Four games into the Syracuse basketball season, some of the preseason observations and predictions are starting to take shape. Others are falling by the wayside.
After losing Michael Carter-Williams and Brandon Triche, most figured the backcourt would take a step back this season. However, all the returnees on the frontcourt were supposed to join forces to create the strength of this team.
C.J. Fair, you may leave the room now. I’m not talking about you. You have been fabulous and have lived up to your billing as ACC Preseason Player of the Year.
Jerami Grant…this doesn’t concern you, either.
I’m looking straight at the three-headed, big-man monster of DaJuan Coleman, Rakeem Christmas and Baye Moussa Keita.
Last season, the three totaled averages of 13.6 points, 12.3 rebounds and 3.4 blocks per game. This year, the averages are much the same: 13.8 points, 15.6 rebounds and 1.9 blocks.
But weren’t these guys supposed to improve?
For most big men (including those throughout Syracuse’s program), it takes two or three years to grow into the college game where they are no longer head and shoulders above the rest of the competition.
In the case of this troika, Coleman was billed as the most skilled offensively, a big body with nimble feet, good hands and a soft touch around the rim. After missing nearly half of his freshman season last year, though, the big fellow is still getting his feet wet at the college level. So far this season, Coleman has been equal parts promising and frustrating (24 total points in two games, two points in the other two).
For Keita, his production during the Big East and NCAA tournaments (nearly six points per game) was more than double his career norms. But alas, Keita has returned to his prior form, more defense and rebounding than offense.
Christmas’ offense has been an X-factor, never truly expected but always welcomed. He scored in double figures just once his freshman season. In 2012-13, he recorded at least 10 points seven times, with the Orange winning all seven games. But, the way he gets his points is not one that can always be counted on. Rather than having a true post game, his offensive production is predicated on lobs, dunks and putbacks. Those are all things that can’t be counted on night in and night out.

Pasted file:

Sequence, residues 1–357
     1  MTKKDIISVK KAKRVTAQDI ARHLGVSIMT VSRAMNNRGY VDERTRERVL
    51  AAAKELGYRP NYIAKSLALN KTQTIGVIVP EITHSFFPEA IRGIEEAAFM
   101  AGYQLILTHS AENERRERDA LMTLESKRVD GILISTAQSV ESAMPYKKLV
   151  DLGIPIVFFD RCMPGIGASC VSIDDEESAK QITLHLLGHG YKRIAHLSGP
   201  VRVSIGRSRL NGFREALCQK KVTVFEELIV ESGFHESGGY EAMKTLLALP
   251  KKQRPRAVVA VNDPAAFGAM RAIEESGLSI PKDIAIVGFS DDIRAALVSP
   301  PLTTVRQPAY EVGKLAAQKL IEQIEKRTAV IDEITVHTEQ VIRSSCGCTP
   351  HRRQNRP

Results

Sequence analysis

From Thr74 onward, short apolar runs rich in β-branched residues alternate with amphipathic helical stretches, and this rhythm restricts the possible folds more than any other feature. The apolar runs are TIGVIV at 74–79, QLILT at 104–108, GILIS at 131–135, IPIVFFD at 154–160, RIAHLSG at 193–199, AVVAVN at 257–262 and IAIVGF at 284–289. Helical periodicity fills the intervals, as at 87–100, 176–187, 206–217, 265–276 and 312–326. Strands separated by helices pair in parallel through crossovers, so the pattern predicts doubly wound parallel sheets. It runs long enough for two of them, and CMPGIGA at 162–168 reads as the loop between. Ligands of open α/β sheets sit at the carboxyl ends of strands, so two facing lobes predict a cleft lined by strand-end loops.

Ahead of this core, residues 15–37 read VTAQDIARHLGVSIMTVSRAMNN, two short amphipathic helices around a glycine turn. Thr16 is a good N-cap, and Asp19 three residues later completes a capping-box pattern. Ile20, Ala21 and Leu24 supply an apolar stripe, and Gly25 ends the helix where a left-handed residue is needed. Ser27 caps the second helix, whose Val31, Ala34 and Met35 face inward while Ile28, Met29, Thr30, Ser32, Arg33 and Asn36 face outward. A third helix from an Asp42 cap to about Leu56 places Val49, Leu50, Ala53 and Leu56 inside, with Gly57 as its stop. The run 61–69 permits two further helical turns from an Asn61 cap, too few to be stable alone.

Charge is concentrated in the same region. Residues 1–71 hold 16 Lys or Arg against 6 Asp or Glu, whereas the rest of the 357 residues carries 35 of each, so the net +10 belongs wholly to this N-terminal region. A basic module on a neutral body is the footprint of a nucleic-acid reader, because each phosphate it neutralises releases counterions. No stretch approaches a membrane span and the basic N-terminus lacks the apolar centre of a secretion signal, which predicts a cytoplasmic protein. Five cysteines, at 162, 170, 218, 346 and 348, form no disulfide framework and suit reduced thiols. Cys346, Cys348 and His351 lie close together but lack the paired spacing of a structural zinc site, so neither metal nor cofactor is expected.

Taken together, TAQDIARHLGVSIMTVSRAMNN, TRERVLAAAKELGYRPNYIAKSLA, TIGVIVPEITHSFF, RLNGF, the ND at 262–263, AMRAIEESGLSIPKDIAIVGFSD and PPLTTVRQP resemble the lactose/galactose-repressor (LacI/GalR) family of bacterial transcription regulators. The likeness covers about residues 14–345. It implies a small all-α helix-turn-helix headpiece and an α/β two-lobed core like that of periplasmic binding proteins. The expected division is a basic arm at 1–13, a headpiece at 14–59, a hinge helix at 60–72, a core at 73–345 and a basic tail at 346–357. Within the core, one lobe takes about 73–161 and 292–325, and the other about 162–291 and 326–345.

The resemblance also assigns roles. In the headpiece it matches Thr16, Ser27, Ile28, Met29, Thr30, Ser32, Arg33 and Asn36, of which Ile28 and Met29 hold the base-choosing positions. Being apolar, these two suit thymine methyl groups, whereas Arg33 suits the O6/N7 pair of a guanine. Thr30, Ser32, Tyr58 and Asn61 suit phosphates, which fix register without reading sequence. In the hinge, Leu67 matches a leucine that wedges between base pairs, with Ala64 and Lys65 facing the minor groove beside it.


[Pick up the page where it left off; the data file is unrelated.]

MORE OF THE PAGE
Honestly, it’s tough to read too much into anything at this juncture. Throughout the years, we’ve seen Syracuse sludge its way through the non-conference schedule, looking dominant on certain nights and having their off nights where teams have been able to hang around and St. Francis nearly pulled out a win.
A year ago, Coleman, Keita and Christmas accounted for 15 percent of Syracuse’s shots. This season? Twelve percent thus far.
They’re putting up similar offensive production with less opportunities.
To take the burden off a point guard in Tyler Ennis just getting his first taste of college hoops and a shooting guard in Trevor Cooney seeing consistent minutes for the first time in his career, the team should be able to lean more on those guys to provide more than they have so far.
If the team wants to reach its full potential this season, the Orange may have to come to expect more from their big men on the offensive end of the floor. It was thought to be a strong point before the season started and that opinion should not be changed just four games in.